s.fk_parent,
         isnull(sum(t.cost), 0) as cost
  from stage as s
    left outer join task as t
      on s.id = t.fk_stage
  group by s.id, s.fk_parent
),
cteLevel as
(
  select cc.id,
         cc.fk_parent,
         cc.cost,
         1 as lvl
  from cteCost as cc
  where cc.fk_parent is null
  union all
  select cc.id,
         cc.fk_parent,
         cc.cost,
         lvl+1
  from cteCost as cc
    inner join cteLevel as cl
      on cc.fk_parent = cl.id       
)
select *
into #task
from cteLevel

create clustered index IX_id on #task (id)
create index IX_lvl on #task (lvl, fk_parent)

declare @lvl  int
select @lvl = max(lvl)
from #task

while @lvl > 0
begin

  update T1 set
    T1.cost = T1.cost + T2.cost
  from #task as T1
    inner join (select fk_parent, sum(cost) as cost
                from #task
                where lvl = @lvl
                group by fk_parent) as T2
      on T1.id = T2.fk_parent

  set @lvl = @lvl - 1
end

select id as [Stage ID],
       cost as [Total Cost] 
from #task

drop table #task

2. A trigger on table task that maintains a calculated_cost field in stage.

create trigger tr_task 
on task 
after insert, update, delete
as
  -- Table to hold the updates
  declare @T table
  (
    id int not null, 
    cost decimal(18,2) not null default 0
  )

  -- Get the updates from inserted and deleted tables
  insert into @T (id, cost)
  select fk_stage, sum(cost)
  from (
          select fk_stage, cost
          from inserted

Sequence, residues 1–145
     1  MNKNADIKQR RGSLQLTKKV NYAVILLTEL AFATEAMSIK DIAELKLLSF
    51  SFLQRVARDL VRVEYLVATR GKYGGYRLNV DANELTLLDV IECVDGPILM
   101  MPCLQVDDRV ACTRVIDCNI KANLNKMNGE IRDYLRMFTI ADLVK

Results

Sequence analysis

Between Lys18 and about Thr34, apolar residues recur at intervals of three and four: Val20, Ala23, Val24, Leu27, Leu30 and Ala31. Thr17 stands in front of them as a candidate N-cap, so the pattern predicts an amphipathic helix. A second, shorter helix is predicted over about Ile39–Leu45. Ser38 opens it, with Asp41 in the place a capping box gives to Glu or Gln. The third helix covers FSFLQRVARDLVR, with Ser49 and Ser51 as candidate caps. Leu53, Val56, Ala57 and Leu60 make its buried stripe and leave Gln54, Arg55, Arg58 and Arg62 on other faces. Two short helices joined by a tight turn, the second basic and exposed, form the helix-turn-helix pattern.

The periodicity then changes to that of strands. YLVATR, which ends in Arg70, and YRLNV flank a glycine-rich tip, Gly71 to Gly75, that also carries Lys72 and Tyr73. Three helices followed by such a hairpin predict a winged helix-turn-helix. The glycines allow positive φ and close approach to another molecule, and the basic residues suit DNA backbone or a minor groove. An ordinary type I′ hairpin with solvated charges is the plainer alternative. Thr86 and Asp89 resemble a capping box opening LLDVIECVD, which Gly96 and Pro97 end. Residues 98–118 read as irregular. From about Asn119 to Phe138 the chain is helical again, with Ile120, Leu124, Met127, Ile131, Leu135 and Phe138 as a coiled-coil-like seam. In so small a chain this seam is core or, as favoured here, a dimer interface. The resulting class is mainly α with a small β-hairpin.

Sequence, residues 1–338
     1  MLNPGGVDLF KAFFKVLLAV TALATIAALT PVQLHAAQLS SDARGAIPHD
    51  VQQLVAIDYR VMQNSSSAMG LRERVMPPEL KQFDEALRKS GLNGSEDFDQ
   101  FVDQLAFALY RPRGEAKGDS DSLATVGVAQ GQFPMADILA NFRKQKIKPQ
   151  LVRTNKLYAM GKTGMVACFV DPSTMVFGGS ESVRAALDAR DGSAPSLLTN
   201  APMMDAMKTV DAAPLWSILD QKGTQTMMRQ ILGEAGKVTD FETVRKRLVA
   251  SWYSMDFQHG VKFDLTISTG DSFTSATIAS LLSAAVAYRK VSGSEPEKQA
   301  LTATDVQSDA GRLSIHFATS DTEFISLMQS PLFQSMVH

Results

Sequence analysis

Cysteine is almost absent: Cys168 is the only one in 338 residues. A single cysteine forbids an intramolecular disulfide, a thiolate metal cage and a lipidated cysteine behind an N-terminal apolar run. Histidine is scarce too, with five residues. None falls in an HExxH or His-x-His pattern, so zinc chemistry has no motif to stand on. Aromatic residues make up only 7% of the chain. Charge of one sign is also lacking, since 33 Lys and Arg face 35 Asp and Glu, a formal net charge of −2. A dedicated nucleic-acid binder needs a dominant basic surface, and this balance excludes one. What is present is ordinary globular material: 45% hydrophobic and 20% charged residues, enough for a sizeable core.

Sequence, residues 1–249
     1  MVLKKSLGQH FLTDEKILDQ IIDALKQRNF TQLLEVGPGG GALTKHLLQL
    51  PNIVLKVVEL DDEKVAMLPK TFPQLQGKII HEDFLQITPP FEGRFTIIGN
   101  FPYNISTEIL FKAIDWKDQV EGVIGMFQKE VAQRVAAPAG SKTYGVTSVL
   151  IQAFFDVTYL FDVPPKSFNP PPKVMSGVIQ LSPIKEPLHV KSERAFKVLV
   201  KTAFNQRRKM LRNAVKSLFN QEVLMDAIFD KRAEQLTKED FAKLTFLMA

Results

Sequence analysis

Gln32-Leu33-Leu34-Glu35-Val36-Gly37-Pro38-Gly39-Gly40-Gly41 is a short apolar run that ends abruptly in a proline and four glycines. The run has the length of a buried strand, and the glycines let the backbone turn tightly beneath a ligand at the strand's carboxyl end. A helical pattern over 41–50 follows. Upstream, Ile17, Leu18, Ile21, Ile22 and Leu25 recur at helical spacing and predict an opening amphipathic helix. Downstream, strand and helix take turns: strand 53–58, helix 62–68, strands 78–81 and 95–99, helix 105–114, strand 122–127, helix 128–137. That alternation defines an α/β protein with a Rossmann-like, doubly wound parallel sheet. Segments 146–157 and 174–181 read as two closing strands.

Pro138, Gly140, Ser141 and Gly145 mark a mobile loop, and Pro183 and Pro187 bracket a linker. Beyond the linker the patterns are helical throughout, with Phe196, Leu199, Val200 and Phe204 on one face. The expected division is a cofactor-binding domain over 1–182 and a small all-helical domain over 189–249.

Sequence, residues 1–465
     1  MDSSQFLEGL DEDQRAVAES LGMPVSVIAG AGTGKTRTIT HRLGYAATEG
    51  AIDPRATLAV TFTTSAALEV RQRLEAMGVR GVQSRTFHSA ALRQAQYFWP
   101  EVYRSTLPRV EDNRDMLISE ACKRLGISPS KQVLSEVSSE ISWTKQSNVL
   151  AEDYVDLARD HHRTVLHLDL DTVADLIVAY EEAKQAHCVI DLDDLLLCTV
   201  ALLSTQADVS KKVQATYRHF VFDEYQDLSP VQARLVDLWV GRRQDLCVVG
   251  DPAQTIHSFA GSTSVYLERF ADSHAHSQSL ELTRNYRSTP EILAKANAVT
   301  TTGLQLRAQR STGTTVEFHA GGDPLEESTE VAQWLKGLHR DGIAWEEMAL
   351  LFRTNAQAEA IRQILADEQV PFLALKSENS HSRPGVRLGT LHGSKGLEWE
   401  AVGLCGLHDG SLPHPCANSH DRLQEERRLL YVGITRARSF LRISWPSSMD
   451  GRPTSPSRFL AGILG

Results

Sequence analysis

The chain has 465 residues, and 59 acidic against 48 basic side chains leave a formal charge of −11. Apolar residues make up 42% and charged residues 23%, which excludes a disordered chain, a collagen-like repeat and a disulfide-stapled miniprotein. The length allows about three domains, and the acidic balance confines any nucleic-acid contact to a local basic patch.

union all
          select fk_stage, -cost
          from deleted
       ) as T   
  group by fk_stage

  declare @id int
  select @id = min(id)
  from @T

  -- For each updated row
  while @id is not null
  begin

    -- Recursive update of stage
    with cte as 
    (
      select s.id,
             s.fk_parent
      from stage as s
      where id = @id
      union all
      select s.id,
             s.fk_parent
      from stage as s
        inner join cte as c
          on s.id = c.fk_parent    
    )
    update s set
      calculated_cost = s.calculated_cost + t.cost 
    from stage as s
      inner join cte as c
        on s.id = c.id
      cross apply (select cost
                   from @T
                   where id = @id) as t   

    -- Get the next id
    select @id = min(id)
    from @T
    where id > @id
  end
share|improve this answer
    
While waiting for answers, I did solve my problem (I think). I added a few fields, I calculate the level of the stage inside a trigger, then run a cursor against all stages, ordered descending by the level, and obtain desired results. All is done inside a transaction which locks all resources, so no leaf in the tree could be modified. It seems to be working, but I need to end the integration part, to get some real data and test it, then I'll post it here too. Your answers seem to be correct, and very interesting to me. Thank you very much for your time. –  AlexanderMP Aug 12 '11 at 16:16